What is it about?
This study investigates the relationship between shoe characteristics (heel height and torsional shoe stiffness) and lower extremity injury within a military training environment. In order to investigate this relationship, a more objective measure of shoe stiffness was necessary as previous studies have relied primarily on subjective interpretations of flexibility or stiffness. The authors developed a portable and reliable device to objectively measure shoe stiffness and heel height in a purely objective fashion. The shoes of incoming cadets at the United States Military Academy were assessed prior to the start of cadet basic training. Lower extremity injuries were monitored throughout the basic training period and injury rates compared between shoes with varying degrees of stiffness and heel height over a 9 week timeframe. Results indicate that wearing shoes with mild to moderate lateral torsional stiffness and heel height may be ideal in efforts to minimize lower extremity injuries.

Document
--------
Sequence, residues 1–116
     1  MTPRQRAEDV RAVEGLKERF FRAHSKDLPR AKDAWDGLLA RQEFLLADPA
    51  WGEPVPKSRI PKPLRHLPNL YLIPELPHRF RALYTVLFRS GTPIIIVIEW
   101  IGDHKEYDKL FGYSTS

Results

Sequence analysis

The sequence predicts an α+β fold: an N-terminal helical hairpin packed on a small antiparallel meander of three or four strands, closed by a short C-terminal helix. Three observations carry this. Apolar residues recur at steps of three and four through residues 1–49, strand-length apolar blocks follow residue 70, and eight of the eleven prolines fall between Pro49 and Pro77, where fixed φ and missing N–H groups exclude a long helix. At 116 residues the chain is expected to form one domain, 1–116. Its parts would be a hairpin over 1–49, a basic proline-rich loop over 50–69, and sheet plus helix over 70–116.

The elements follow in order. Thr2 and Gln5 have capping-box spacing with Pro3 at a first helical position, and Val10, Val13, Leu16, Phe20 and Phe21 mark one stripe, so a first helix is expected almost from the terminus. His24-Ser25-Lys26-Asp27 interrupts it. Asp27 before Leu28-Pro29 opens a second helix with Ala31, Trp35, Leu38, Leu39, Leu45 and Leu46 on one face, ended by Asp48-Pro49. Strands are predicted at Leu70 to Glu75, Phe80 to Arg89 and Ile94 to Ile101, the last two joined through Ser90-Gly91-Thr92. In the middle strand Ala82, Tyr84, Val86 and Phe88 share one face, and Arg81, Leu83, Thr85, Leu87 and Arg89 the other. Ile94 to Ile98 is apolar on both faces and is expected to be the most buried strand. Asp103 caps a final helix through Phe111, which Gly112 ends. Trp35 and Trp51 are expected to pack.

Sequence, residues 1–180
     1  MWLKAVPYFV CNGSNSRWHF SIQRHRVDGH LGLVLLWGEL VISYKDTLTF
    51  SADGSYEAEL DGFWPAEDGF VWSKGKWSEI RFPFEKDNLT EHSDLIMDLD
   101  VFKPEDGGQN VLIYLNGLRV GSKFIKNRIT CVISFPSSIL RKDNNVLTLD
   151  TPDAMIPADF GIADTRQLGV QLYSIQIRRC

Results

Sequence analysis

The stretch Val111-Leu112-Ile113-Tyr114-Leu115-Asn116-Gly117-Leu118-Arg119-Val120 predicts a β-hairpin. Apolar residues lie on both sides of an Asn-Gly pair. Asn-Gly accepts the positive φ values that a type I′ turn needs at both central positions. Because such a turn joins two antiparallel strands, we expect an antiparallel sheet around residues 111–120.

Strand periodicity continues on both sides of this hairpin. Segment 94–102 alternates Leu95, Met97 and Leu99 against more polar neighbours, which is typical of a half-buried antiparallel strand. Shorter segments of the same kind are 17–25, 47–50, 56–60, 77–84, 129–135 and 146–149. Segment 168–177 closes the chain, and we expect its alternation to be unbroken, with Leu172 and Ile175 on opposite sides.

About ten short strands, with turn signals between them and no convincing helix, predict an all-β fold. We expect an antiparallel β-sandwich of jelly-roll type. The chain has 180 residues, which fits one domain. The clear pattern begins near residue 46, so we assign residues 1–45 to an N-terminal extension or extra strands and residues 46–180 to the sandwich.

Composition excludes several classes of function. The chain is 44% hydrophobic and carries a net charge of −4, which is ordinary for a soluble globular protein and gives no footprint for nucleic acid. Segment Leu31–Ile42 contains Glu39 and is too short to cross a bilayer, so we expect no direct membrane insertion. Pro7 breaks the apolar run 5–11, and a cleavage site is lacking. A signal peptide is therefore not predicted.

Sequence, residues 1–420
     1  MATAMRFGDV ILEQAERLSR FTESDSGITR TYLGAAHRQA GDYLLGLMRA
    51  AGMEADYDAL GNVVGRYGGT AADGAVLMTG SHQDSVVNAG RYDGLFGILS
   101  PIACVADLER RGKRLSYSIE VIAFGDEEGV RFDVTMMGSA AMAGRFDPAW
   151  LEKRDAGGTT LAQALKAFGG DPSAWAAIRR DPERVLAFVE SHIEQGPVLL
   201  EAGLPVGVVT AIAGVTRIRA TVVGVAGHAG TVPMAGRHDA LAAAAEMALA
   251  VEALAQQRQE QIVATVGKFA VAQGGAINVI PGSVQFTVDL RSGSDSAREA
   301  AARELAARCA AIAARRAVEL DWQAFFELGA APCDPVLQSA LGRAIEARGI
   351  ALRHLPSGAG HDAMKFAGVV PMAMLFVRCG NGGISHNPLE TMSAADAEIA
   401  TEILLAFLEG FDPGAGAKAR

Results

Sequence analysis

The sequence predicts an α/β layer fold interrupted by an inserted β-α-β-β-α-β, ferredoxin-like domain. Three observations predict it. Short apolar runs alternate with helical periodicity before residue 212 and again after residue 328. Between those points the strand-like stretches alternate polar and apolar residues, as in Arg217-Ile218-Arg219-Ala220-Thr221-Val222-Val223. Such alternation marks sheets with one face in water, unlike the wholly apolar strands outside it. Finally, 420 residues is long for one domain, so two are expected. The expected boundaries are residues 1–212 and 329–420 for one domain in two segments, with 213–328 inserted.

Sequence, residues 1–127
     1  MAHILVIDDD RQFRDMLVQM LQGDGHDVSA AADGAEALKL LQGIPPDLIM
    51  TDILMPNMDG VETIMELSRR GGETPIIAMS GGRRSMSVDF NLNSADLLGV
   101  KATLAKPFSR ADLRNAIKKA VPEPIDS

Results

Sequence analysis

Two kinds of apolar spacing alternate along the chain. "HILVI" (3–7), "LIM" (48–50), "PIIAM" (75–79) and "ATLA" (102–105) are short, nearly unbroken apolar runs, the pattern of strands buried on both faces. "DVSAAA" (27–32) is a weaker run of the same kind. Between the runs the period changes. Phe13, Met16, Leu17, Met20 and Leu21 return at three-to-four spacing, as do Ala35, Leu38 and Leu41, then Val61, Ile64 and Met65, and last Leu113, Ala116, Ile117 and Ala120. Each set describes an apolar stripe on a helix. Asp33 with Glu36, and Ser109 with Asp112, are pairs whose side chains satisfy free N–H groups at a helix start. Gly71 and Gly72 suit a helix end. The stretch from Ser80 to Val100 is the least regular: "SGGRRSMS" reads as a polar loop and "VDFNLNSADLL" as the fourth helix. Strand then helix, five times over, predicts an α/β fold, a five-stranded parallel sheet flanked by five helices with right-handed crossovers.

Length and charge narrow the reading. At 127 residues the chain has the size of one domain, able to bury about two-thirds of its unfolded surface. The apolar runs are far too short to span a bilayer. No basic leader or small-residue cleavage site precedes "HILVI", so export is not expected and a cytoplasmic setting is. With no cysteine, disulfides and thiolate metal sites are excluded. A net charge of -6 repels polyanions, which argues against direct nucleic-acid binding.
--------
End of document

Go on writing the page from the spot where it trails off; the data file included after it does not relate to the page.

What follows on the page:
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Why is it important?
The results of this research is timely as the military considers what might be the best type of shoe to provide for initial entry trainees as they begin the rigorous physical training that is conducted during basic training. This work will also be helpful in providing manufacturers, running coaches, as well as runners themselves more objective information related to different shoe types in addition to their relationship with lower extremity injuries.
Read the Original
This page is a summary of: Association Between Running Shoe Characteristics and Lower Extremity Injuries in United States Military Academy Cadets, The American Journal of Sports Medicine, September 2019, SAGE Publications, DOI: 10.1177/0363546519870534.
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